Macneill's road indicator
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Macnaill's Road Indicator was a dynamometer for ascertaining the force necessary to draw a carriage over different kind of roads and pavements. It was developed by John Benjamin Macneill in the late 1820s.
Macneill's road indicator was completed according to drawings laid before and authorised by the Parliamentary Commissioners in 1829. It was first used on the road between London and Shrewsbury. A description of and the method of using it was included the Sevent report of the Commissioners(1830).
Macneill made further improvement in the road indicator enable it to measure bearing, inclination, time and distance travelled. In April 1833 it was used in experiments with an iron boat on the Paddington Canal for the purpose of ascertaining the law of resistance, or force of traction, at different degrees of velocity.
It was demonstrated in Regent's Park in presence of Charles Gordon-Lennox, 5th Duke of Richmond and Sir Henry Parnell 18 May 1833, and two days after reported to the select committee of the House of Lords appointed to examine the turnpike returns with description and measured data for the period 1829 - 1832. The experiments showed that the force of traction was nearly in an exact proportion to the hardness of the road.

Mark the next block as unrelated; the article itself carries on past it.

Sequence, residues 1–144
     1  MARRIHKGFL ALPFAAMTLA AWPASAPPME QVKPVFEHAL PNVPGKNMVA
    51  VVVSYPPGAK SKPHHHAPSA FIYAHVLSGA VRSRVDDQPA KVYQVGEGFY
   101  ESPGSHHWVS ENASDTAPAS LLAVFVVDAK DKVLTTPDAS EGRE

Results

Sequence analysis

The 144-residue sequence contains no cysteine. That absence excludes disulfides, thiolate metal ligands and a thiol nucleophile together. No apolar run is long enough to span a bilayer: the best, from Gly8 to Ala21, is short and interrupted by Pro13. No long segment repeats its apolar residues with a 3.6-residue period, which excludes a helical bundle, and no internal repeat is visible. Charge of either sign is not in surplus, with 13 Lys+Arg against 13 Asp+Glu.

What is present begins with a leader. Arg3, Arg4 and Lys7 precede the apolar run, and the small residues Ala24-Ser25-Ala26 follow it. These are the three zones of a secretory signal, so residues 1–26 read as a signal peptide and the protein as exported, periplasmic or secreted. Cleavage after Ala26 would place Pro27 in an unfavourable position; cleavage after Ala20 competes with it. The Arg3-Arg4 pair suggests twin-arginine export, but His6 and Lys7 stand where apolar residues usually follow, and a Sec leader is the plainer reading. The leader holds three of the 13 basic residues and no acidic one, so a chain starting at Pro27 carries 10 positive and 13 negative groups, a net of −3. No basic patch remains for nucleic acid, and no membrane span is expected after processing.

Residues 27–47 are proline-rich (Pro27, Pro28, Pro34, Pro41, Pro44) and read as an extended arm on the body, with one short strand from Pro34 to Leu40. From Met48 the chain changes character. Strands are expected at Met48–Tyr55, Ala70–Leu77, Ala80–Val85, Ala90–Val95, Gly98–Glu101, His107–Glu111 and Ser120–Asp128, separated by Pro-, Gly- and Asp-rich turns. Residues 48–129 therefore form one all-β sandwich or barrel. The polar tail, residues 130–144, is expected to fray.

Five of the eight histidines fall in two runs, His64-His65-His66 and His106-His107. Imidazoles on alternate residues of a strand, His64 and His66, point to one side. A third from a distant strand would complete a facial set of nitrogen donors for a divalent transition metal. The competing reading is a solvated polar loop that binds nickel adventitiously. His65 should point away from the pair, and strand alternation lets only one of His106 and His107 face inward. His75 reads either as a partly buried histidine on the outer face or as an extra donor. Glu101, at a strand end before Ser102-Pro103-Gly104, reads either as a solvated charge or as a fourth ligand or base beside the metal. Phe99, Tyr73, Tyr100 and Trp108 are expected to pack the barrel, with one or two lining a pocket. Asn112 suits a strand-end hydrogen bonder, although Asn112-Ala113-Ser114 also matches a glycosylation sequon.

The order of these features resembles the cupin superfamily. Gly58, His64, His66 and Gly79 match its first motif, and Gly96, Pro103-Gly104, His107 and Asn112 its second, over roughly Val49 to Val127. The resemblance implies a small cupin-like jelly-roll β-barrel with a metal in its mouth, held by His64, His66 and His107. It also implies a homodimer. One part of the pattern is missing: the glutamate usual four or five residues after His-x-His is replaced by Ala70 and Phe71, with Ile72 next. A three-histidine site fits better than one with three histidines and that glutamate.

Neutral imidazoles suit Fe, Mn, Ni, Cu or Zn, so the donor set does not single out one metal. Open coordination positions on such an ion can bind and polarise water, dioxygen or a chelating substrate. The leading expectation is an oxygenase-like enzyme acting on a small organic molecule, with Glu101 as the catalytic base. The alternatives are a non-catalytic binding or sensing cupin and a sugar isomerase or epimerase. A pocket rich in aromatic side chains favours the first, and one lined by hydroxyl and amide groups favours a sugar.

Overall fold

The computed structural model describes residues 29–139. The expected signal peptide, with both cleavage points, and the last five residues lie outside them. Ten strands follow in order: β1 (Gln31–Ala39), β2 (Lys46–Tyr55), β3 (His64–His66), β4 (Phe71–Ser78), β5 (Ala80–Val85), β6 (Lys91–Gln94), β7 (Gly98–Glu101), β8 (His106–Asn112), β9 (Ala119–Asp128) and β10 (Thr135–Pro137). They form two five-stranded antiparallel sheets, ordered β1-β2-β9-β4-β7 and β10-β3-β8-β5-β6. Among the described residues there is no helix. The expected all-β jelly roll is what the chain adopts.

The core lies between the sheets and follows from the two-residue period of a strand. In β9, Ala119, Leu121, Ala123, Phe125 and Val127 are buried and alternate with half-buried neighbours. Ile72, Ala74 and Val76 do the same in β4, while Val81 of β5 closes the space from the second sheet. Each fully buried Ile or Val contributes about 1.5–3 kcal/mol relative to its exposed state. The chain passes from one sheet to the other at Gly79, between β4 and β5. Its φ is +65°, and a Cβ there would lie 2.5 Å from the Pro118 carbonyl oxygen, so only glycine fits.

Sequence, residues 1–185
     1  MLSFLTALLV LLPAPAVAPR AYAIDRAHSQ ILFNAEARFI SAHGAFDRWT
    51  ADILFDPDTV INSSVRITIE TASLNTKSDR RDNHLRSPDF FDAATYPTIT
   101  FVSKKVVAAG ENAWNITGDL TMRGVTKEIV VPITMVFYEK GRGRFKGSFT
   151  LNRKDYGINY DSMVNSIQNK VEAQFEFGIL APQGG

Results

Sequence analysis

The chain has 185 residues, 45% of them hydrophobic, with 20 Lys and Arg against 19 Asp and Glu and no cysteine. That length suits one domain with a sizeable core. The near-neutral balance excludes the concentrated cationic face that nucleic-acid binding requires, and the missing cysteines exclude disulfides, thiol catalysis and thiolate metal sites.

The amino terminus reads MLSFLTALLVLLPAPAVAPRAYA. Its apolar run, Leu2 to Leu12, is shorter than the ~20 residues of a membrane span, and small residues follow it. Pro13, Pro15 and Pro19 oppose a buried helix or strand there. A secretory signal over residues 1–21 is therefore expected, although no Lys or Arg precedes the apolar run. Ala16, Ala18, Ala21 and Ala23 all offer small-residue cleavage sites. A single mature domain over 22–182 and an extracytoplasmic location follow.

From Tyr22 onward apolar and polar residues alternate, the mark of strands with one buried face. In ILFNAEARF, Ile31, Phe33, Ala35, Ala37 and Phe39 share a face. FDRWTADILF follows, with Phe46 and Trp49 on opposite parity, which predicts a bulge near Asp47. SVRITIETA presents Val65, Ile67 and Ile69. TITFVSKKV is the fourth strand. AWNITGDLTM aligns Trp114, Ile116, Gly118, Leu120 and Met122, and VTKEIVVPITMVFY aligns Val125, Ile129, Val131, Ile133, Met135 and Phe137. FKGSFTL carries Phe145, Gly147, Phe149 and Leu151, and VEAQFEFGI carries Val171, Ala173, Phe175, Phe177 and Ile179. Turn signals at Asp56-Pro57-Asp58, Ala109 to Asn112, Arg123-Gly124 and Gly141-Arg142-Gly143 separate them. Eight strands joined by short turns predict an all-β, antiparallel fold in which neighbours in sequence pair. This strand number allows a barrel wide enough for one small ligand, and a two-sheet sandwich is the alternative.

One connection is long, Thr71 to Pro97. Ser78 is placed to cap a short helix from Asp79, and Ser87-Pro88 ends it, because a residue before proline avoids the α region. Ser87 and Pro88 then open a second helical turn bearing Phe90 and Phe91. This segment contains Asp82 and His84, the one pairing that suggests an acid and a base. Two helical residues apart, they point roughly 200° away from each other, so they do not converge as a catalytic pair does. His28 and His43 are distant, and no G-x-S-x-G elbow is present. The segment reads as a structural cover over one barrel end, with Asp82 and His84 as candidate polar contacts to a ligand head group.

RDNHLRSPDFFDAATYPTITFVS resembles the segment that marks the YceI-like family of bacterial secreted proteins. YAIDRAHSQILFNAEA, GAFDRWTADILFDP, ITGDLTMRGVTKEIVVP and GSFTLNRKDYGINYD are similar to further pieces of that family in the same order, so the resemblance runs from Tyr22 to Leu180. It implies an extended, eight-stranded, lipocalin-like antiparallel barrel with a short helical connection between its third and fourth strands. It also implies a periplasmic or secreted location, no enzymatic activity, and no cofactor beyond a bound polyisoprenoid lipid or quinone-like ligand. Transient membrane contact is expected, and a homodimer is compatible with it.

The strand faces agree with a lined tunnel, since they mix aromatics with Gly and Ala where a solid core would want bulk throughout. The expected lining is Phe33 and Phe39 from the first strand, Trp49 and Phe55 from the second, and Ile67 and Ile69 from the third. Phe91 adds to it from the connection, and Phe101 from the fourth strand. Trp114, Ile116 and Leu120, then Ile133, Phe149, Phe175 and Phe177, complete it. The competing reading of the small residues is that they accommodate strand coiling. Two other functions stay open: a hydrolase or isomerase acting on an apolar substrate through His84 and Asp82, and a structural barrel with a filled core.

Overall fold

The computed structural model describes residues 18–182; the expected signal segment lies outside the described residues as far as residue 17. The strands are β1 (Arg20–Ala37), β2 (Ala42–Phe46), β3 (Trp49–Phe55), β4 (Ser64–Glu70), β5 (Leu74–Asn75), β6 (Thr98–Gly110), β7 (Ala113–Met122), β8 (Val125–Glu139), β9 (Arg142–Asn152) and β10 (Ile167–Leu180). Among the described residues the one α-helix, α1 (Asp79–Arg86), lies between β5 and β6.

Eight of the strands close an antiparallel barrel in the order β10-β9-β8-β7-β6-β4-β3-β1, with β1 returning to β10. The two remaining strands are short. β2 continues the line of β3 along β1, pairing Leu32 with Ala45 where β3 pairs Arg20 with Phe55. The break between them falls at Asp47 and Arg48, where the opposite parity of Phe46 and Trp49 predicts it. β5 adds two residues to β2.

In 1835 Macneill gave evidence to the House of Common on the relative advantages of the telegraph, elliptical and other springs as regards the draught of carriages.
- Seventh Report of the Commissioners for the further improvement of the road from London to Holyhead and from London to Liverpool, 13 July 1830
- John Macneill,Canal navigation, London 1833
- Second Report from the Select Committee of the House of Lords appointed to examine the Turnpike Returns, London 21 August 1833
- Henry Parnell, A Treatise on Roads, London 1833
- House of Commons Paper, Vol 42, 1840